Consensus was reached among the experts for > 70% of the questions and agreement between the panelists and the affiliates was moderate. Neoadjuvant chemotherapy should be indicated for almost all cases (except cT1a-b N0) and should include platinum agents. When indicated, immunotherapy is part of the standard of care. The panel reaffirmed the concept of “no ink on tumor” as being indicative of adequate margins as well as the possibility of SLNB in cN1 patients who progressed to cN0 following NAT. Nevertheless, one in five of the affiliates still recommended ALND in patients eligible for the ACOZOG Z0011 study. Regarding adjuvant therapy, further prospective studies need to be performed to assess the efficacy and safety of the combination of immunotherapy and capecitabine/olaparib in pertinent cases. Educational interventions affected the panelists’ decision-making in 60% of the questions on systemic treatment, highlighting the relevance of continued education.
Availability of data and materials
All data generated or analysed during this study are included in this published article and its supplementary information files.
Axillary lymph node dissection
Estrogen and progesterone receptors (ER, PR)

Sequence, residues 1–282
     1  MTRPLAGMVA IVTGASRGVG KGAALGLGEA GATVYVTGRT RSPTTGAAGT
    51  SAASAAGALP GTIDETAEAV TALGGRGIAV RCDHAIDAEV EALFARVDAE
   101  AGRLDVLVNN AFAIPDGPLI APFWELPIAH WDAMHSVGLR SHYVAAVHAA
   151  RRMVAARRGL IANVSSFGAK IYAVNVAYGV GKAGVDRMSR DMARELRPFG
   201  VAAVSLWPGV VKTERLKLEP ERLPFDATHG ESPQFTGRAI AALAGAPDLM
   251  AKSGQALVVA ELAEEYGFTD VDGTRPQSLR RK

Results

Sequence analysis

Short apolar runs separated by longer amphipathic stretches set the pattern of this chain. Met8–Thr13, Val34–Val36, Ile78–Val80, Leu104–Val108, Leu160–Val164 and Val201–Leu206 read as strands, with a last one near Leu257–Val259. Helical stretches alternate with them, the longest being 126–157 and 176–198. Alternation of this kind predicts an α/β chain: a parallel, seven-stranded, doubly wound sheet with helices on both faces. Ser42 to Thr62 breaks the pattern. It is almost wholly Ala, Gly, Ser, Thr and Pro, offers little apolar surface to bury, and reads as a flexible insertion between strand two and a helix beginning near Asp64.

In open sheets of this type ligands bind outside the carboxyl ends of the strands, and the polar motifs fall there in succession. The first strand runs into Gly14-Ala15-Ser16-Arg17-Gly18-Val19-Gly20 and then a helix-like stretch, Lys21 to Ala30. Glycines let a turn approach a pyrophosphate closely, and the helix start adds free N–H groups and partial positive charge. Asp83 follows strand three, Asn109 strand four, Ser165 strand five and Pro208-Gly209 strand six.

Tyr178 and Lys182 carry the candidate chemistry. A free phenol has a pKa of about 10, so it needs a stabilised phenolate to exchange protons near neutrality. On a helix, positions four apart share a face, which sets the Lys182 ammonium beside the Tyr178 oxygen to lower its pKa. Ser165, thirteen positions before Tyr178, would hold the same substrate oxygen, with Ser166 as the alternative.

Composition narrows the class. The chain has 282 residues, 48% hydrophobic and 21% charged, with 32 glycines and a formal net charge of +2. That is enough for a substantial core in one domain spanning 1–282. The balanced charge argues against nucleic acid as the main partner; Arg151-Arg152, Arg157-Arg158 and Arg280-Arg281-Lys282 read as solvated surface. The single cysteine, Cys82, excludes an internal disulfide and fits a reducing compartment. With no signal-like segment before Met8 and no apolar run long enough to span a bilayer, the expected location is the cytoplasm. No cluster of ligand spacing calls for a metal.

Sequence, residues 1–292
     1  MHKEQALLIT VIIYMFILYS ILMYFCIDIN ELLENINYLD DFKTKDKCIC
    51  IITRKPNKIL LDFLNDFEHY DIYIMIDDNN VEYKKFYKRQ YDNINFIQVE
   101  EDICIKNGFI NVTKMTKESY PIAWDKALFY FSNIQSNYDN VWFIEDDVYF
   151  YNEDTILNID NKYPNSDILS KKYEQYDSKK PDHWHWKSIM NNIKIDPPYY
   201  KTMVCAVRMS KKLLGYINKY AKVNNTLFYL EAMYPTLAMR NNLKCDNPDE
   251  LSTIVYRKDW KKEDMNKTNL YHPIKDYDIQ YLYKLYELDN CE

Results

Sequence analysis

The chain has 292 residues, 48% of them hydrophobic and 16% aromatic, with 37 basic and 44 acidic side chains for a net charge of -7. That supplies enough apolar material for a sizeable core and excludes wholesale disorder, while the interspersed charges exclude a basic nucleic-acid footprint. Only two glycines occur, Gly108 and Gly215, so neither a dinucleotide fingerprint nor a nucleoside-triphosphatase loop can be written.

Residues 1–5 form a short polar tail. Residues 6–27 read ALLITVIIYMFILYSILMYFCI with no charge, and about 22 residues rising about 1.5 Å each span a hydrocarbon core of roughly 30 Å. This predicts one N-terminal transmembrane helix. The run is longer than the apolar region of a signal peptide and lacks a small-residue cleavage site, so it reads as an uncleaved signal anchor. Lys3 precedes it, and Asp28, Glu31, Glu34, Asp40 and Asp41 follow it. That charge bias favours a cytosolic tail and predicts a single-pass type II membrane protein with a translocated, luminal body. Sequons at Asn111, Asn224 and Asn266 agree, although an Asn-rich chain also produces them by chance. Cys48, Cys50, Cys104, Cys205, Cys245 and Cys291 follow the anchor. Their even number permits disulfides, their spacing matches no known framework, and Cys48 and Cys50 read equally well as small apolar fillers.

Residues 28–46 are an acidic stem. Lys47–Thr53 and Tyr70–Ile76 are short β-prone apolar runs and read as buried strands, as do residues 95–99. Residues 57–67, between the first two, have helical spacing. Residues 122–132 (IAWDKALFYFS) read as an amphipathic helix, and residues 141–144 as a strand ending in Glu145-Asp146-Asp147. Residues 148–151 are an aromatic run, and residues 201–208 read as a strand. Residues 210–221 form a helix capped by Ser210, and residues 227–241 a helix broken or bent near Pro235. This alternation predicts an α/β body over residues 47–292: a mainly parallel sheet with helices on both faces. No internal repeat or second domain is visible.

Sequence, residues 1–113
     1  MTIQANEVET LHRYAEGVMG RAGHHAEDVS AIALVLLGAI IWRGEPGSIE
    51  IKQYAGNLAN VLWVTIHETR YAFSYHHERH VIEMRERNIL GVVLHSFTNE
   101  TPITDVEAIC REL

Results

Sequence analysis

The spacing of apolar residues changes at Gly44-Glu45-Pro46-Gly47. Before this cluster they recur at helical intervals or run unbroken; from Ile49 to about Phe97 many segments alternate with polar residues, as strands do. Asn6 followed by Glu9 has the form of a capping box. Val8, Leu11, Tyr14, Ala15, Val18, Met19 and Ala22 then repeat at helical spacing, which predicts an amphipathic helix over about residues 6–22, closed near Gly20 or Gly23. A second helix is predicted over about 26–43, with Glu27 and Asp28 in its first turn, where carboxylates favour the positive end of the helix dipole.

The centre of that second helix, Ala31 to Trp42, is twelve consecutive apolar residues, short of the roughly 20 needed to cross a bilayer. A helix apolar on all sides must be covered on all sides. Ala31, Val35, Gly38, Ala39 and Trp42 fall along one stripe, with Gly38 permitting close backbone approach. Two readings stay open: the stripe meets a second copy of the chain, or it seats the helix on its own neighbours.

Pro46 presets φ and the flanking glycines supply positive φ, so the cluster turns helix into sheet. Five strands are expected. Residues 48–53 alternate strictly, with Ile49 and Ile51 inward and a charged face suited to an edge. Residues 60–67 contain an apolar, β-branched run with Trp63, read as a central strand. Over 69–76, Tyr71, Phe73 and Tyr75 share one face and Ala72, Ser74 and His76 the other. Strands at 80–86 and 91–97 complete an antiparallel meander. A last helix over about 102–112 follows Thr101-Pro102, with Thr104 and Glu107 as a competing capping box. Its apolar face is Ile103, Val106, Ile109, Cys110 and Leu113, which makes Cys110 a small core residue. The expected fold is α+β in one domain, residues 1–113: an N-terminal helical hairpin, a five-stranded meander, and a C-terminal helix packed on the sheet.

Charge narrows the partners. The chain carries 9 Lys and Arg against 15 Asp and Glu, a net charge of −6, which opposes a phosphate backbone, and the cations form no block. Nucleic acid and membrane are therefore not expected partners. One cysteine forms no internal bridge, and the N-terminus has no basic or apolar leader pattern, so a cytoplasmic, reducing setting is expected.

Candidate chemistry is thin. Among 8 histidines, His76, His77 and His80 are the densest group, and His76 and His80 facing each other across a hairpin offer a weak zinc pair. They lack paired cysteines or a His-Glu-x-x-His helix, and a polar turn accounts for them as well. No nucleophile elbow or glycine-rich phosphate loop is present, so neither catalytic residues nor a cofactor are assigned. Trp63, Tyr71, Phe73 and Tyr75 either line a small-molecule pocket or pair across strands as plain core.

Human epidermal growth factor receptor 2 (HER-2)
Poly adenosine diphosphate-ribose polymerase (PARP) inhibitors
Magnetic resonance imaging
Pathologic complete response
Brazilian Society of Mastology
Sentinel lymph node
Triple-negative breast cancer
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The authors would like to thank their colleagues at the Brazilian Society of Mastology (Sociedade Brasileira de Mastologia - SBM) who completed the survey. They are also grateful to MSD for their financial and logistical support during the preparation of this document. We also thank Fernanda Alves from the SBM for her help in organizing the consensus and Professor Macks Wendhell Gonçalves for conducting the statistical analysis.
This work was supported by MSD. MSD was not involved in the study design; in the collection, analysis and interpretation of data; in the writing of the report; or in the decision to submit the article for publication.
Ethics approval and consent to participate
The SBM review board approved the study protocol and the informed consent was obtained from all subjects. The study procedures were conducted in compliance with current Brazilian legislation and the 1964 Helsinki Convention.
Consent for publication
The consent to publish was obtained from the study participants.
Ruffo Freitas-Junior has received a speaker honorarium from MSD, Pfizer, Libbs, Daichii Sankio and Lilly.
Antonio Luiz Frasson has received a speaker honorarium from Novartis, AstraZeneca, Agendia, Lilly, Libbs, Roche and Genomic Health.
Francisco Pimentel Cavalcante has received a speaker honorarium from MSD, Pfizer, Libbs, Roche and Gencell Pharma.
Fabio Postiglione Mansani has received a speaker honorarium from Pfizer, Lilly and Novartis; and develops research sponsored by GenCell Pharma and Agendia.
André Mattar has received a speaker honorarium from AstraZeneca, Roche, MSD, Pfizer, Lilly and Daichii Sankio.